Stop and think for a moment. What do you want your future to look like? 

For many people, this is a tough question to answer — let alone make a plan for. 

Leah McGowen-Hare, Vice President of Trailblazer Community and Engagement at Salesforce, has found a better way to get people to tap into their potential. “I never ask people what they want to be. I always ask them what kind of experiences they want to have.” This approach is one of the ways that the executive and ardent advocate for building tomorrow’s leaders lives out her passion. 

In her role, McGowen-Hare has seen her fair share of success stories but acknowledges that even the biggest triumphs come with their share of challenges.

In fact, McGowen-Hare admits that her own path to success hasn’t been a linear one. Instead, it’s been marked by experiences that she never envisioned but ultimately excelled at. Her secret? Staying open in the face of adversity, and saying “yes” to new opportunities, even in the face of her biggest doubts. 

McGowen-Hare received her undergraduate degree in computer science from the University of Massachusetts, Amherst, and moved to New York City after undergrad to start a position at Andersen Consulting, which now flies under the flag of Accenture. Soon after pivoting from her work as a consultant, McGowen-Hare found herself in San Francisco, embarking on new opportunities.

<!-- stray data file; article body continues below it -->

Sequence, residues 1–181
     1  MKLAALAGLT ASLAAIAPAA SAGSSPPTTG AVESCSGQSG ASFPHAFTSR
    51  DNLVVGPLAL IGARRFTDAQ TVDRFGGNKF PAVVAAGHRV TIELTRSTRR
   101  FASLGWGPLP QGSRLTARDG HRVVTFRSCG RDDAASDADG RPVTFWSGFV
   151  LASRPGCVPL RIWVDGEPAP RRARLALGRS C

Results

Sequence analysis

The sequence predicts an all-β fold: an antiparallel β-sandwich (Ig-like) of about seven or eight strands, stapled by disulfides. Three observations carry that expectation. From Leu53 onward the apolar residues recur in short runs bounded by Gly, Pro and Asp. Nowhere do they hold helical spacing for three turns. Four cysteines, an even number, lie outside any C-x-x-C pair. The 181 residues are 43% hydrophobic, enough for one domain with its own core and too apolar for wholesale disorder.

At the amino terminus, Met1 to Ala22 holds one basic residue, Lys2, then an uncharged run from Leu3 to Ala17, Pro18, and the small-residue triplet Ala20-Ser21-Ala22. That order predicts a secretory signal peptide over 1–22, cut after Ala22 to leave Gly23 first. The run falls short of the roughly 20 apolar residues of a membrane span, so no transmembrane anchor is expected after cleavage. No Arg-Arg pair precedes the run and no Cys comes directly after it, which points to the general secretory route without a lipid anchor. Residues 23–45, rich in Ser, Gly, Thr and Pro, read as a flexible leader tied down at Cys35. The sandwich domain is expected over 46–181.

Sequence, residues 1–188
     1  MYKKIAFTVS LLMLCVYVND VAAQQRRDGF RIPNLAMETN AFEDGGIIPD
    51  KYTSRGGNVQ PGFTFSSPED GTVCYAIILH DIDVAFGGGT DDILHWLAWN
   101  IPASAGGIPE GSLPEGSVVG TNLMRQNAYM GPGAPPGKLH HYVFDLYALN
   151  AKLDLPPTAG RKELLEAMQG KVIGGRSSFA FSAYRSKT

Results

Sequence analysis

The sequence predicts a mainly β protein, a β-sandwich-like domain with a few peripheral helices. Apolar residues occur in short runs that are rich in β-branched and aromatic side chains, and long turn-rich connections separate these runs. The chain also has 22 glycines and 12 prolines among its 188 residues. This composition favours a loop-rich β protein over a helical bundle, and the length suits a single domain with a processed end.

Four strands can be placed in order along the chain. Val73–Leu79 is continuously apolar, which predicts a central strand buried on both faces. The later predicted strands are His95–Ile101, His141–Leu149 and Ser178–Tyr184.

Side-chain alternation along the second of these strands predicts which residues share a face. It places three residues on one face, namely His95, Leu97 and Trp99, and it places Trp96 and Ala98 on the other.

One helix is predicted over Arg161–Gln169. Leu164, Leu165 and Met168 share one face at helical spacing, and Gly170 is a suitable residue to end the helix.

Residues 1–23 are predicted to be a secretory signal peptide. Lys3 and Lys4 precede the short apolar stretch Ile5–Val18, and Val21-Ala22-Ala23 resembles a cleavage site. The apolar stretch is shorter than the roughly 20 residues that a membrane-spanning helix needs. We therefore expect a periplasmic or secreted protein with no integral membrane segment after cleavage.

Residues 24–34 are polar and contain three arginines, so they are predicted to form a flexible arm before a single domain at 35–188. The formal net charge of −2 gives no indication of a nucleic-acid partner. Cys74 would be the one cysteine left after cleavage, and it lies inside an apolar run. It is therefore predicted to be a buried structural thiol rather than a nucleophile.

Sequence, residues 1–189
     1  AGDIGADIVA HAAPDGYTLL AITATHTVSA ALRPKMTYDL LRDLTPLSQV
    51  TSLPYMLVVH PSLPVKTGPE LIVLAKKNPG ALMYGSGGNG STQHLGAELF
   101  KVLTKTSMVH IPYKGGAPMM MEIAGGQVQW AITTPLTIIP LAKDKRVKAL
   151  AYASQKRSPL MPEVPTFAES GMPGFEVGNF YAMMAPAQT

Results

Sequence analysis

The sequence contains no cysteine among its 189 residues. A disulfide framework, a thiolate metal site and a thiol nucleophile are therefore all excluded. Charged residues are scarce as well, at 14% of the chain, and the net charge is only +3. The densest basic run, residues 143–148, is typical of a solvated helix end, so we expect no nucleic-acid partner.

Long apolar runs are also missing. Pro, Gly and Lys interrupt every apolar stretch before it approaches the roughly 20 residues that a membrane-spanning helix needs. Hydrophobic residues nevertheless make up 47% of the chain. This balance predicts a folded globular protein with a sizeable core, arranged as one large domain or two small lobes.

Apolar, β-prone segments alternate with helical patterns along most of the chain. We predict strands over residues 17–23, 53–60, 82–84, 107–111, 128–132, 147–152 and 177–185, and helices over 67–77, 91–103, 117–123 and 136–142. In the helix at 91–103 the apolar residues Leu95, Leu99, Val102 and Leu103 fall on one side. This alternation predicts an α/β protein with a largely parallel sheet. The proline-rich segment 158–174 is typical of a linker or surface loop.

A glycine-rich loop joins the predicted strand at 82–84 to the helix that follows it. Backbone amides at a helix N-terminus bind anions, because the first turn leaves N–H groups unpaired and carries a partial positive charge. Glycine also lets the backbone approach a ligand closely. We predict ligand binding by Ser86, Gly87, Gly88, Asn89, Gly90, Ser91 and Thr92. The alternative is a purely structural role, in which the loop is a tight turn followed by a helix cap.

A New Beginning

McGowen-Hare landed a job at PeopleSoft working in client server technology but ultimately felt that something was missing. “I missed connecting with people like I had before,” she says. “As a software engineer, you literally could stay in your office all day, just coding.” 

When the opportunity to teach presented itself, McGowen-Hare initially hesitated because, in her words, teaching a class full of tech professionals wasn’t what she had envisioned for her future. “I was like: ‘No, that's what my parents do. I'm not ready to become my parents!’ But I took a leap of faith and I got the job,” she said. “It was probably one of the best things I could have done because I found something that I absolutely loved. I love talking about technology, and I love connecting with people.”

Her teaching journey took her worldwide, from Brazil to India to South Africa, where she was often the only female teacher — and almost certainly the only Black woman. But she found that really gratifying, too. “I was breaking stereotypes,” she said. “People would come into these hardcore development classes that I was teaching and would wonder, ‘Where's the teacher?’” Most of the time, her students looked nothing like her, but she was still able to make an impact. “Just by being who I was, I was changing people's minds without even having to say a word,” she says. “I was just doing my job and being great at my job.”

                                                                                             Source: Leah McGowen-Hare/ Twitter

Charting A New Horizon

Post PeopleSoft, McGowen-Hare started her own business and eventually transitioned back to the traditional workforce. She found herself facing a new opportunity as a technical trainer at Salesforce, which she had no idea would lead her to where she was going next. Again, the barrier that she faced came from within.